Hornby posted today a 33 percent drop in half-year profit, hitting its shares. Hornby said it made pretax profit of 1.8 million pounds ($2.9 million) in the six months to Sept. 30, down from 2.7 million pounds in the same period last year.
The group blamed tough trading conditions and a 1.3 million-pound increase in overheads following its recent purchase of model car maker Corgi for 8.3 million pounds in May 2008.
"The retail markets are undoubtedly more challenging. However the hobby sector has distinctive defensive characteristics, which will help us in a more difficult economic environment," said Frank Martin, Hornby's chief executive.
According to industry analysts, Europe's toymakers should buck the economic downturn better than many other retailers.
'Typically if you look at history, the toy industry has weathered the recessions and financial pressures very well in the past, ' said Bryan Ellis, chairman of Toy Industries Europe earlier this week.
Hornby hopes to drive its Christmas sales with a set of James Bond Scalextric cars, including the Aston Martin DBS and Alfa Romeo 159 as seen in the latest film in the long-running franchise, 'Quantum of Solace'.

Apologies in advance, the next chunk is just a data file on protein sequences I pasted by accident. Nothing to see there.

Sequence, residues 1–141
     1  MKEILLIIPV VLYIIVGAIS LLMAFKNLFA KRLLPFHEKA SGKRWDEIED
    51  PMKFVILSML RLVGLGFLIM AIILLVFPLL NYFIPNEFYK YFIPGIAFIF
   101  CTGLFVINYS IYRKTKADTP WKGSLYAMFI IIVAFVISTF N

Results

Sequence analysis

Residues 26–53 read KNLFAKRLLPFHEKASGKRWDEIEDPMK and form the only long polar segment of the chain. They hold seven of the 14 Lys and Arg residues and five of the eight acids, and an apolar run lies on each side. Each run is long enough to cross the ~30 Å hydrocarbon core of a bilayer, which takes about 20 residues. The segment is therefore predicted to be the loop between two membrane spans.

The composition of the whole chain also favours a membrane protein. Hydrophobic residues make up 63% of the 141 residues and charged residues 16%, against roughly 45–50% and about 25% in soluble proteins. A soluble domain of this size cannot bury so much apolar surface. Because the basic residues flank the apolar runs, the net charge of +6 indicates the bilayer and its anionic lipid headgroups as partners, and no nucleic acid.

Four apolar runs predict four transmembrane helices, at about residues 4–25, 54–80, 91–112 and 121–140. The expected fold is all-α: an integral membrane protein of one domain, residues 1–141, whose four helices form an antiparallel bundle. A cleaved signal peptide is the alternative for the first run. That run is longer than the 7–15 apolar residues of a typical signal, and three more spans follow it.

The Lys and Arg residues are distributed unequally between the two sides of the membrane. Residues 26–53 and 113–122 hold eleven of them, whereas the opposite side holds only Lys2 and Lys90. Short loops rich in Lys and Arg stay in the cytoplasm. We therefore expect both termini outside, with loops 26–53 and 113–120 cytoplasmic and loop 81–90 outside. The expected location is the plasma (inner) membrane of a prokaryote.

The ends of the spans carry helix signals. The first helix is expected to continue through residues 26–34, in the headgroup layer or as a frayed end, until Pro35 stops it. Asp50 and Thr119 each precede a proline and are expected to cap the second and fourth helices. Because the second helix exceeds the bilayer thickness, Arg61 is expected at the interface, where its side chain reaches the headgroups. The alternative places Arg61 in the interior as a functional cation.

"The strength of the Bond franchise and the Scalextric brand name should override difficult economic conditions," said Paul Chandler, Scalextric marketing manager.
Thankfully, Hornby are not blaming any losses on the financial crisis and the current economic downturn. That may change is the profits continue to fall.
Is it all doom and gloom though? I think that the hobby market will survive the financial crisis without much loss. I think that in these sort of times we buy less new cars, go on fewer exotic holidays, perhaps eat out less and stay at home and get on with homely activities that may include your hobby if you have one. It is a good time to start a model railway layout or a Scalextric track if you have been always thinking of doing it.
On Model Rail Forum, we have seen a rise in visitors since June with a marked rise in visitors and forum activity since the beginning of September (when the world economy seemed to do down the toilet) bucking the seasonal statistics and proving that perhaps there are other factors at play affecting the figures. I see this on SlotForum too and I'm sure that more people are taking cover from the downturn and spending more time on their hobbies. It follows on that they spend more too on their hobbies. Perhaps not large amounts - like brand new expensive trains, but definitely more on other items: expanding their existing collection or doing a bit of scenery...
What do you think about this?